- 16. Duangjit J, Bohanec B, Chan AP, Town CD, Havey MJ. Transcriptome sequencing to produce SNP-based genetic maps of onion. Theor Appl Genet. 2013;126(8):2093–101. Epub 2013/05/22. pmid:23689743.
- 17. McCallum J, Clarke A, Pither-Joyce M, Shaw M, Butler R, Brash D, et al. Genetic mapping of a major gene affecting onion bulb fructan content. Theoretical and Applied Genetics. 2006;112(5):958–67. pmid:16404585
- 18. Hegedus Z, Zakrzewska A, Agoston VC, Ordas A, Racz P, Mink M, et al. Deep sequencing of the zebrafish transcriptome response to mycobacterium infection. Mol Immunol. 2009;46(15):2918–30. Epub 2009/07/28. S0161-5890(09)00592-6. pmid:19631987.
- 19. Tian DQ, Pan XY, Yu YM, Wang WY, Zhang F, Ge YY, et al. De novo characterization of the Anthurium transcriptome and analysis of its digital gene expression under cold stress. BMC Genomics. 2013;14:827. Epub 2013/11/26. pmid:24267953; PubMed Central PMCID: PMC4046746.
- 20. Yates SA, Swain MT, Hegarty MJ, Chernukin I, Lowe M, Allison GG, et al. De novo assembly of red clover transcriptome based on RNA-Seq data provides insight into drought response, gene discovery and marker identification. BMC Genomics. 2014;15:453. Epub 2014/06/11. pmid:24912738; PubMed Central PMCID: PMC4144119.
- 21. Yu S, Zhang F, Yu Y, Zhang D, Zhao X, Wang W. Transcriptome Profiling of Dehydration Stress in the Chinese Cabbage (Brassica rapa L. ssp. pekinensis) by Tag Sequencing. Plant Mol Biol Rep. 2012;30(1):17–28.
- 22. Winfield MO, Lu C, Wilson ID, Coghill JA, Edwards KJ. Plant responses to cold: Transcriptome analysis of wheat. Plant Biotechnol J. 2010;8(7):749–71. Epub 2010/06/22. PBI536 pmid:20561247.
- 23. Li D, Deng Z, Qin B, Liu X, Men Z. De novo assembly and characterization of bark transcriptome using Illumina sequencing and development of EST-SSR markers in rubber tree (Hevea brasiliensis Muell. Arg.). BMC Genomics. 2012;13:192. Epub 2012/05/23. pmid:22607098; PubMed Central PMCID: PMC3431226.
- 24. Zhao Y, Williams R, Prakash CS, He G. Identification and characterization of gene-based SSR markers in date palm (Phoenix dactylifera L.). BMC Plant Biol. 2012;12:237. Epub 2012/12/18. pmid:23241238; PubMed Central PMCID: PMC3568718.
- 25. Rapacz M. Regulation of frost resistance during cold de-acclimation and re-acclimation in oilseed rape. A possible role of PSII redox state. Physiol Plant. 2002;115(2):236–43. Epub 2002/06/13. ppl1150209. pmid:12060241.
- 26. Zhang L, Zhao G, Jia J, Liu X, Kong X. Molecular characterization of 60 isolated wheat MYB genes and analysis of their expression during abiotic stress. J Exp Bot. 2012;63(1):203–14. Epub 2011/09/22. pmid:21934119; PubMed Central PMCID: PMC3245462.
- 27. Grabherr MG, Haas BJ, Yassour M, Levin JZ, Thompson DA, Amit I, et al. Full-length transcriptome assembly from RNA-Seq data without a reference genome. Nat Biotechnol. 2011;29(7):644–52. Epub 2011/05/17. pmid:21572440; PubMed Central PMCID: PMC3571712.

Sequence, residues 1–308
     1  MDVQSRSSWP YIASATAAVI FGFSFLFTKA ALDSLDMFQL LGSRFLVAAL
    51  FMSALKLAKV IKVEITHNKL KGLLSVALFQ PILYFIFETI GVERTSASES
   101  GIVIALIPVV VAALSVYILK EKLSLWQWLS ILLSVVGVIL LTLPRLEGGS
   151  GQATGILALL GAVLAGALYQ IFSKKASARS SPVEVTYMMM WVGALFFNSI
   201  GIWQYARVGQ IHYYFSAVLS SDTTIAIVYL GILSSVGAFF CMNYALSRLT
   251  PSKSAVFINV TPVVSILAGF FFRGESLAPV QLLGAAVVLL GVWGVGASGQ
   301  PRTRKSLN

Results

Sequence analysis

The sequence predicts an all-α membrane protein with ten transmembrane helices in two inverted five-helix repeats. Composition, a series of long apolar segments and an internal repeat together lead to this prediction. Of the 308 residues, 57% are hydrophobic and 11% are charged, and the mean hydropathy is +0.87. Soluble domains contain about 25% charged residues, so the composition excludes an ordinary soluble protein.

- 28. Arasan SK, Park JI, Ahmed NU, Jung HJ, Lee IH, Cho YG, et al. Gene ontology based characterization of expressed sequence tags (ESTs) of Brassica rapa cv. Osome. Indian J Exp Biol. 2013;51(7):522–30. Epub 2013/08/01. pmid:23898551.
- 29. Conesa A, Gotz S, Garcia-Gomez JM, Terol J, Talon M, Robles M. Blast2GO: a universal tool for annotation, visualization and analysis in functional genomics research. Bioinformatics. 2005;21(18):3674–6. Epub 2005/08/06. pmid:16081474.
- 30. Tatusov RL, Natale DA, Garkavtsev IV, Tatusova TA, Shankavaram UT, Rao BS, et al. The COG database: new developments in phylogenetic classification of proteins from complete genomes. Nucleic Acids Res. 2001;29(1):22–8. Epub 2000/01/11. pmid:11125040; PubMed Central PMCID: PMC29819.
- 31. Kanehisa M, Goto S, Sato Y, Furumichi M, Tanabe M. KEGG for integration and interpretation of large-scale molecular data sets. Nucleic Acids Res. 2012;40(Database issue):D109–14. Epub 2011/11/15. pmid:22080510; PubMed Central PMCID: PMC3245020.
- 32. Li B, Dewey CN. RSEM: accurate transcript quantification from RNA-Seq data with or without a reference genome. BMC Bioinformatics. 2011;12:323. Epub 2011/08/06. pmid:21816040; PubMed Central PMCID: PMC3163565.
- 33. Harwood . Vector NTI. Biotechnol Softw I J. 1996;13(5):22–30.
- 34. Faircloth BC. Msatcommander: detection of microsatellite repeat arrays and automated, locus‐specific primer design. Molecular Ecology Resources. 2008;8(1):92–4. pmid:21585724
- 35. McKenna A, Hanna M, Banks E, Sivachenko A, Cibulskis K, Kernytsky A, et al. The Genome Analysis Toolkit: a MapReduce framework for analyzing next-generation DNA sequencing data. Genome research. 2010;20(9):1297–303. pmid:20644199
- 36. Untergasser A, Cutcutache I, Koressaar T, Ye J, Faircloth BC, Remm M, et al. Primer3—new capabilities and interfaces. Nucleic Acids Res. 2012;40(15):e115. Epub 2012/06/26. pmid:22730293; PubMed Central PMCID: PMC3424584.
- 37. Manoharan R, Han J, Vijayakumar H, Subramani B, Thamilarasan S, Park J-I, et al. Molecular and Functional Characterization of FLOWERING LOCUS T Homologs in Allium cepa. Molecules. 2016;21(2):217.
- 38. Takagi T, Walker AK, Sawa C, Diehn F, Takase Y, Blackwell TK, et al. The Caenorhabditis elegans mRNA 5'-capping enzyme. In vitro and in vivo characterization. J Biol Chem. 2003;278(16):14174–84. Epub 2003/02/11. pmid:12576476.
- 39. Wallis J, Wang H, Guerra* D. Expression of a synthetic antifreeze protein in potato reduces electrolyte release at freezing temperatures. Plant Mol Biol. 1997;35(3):323–30. pmid:9349256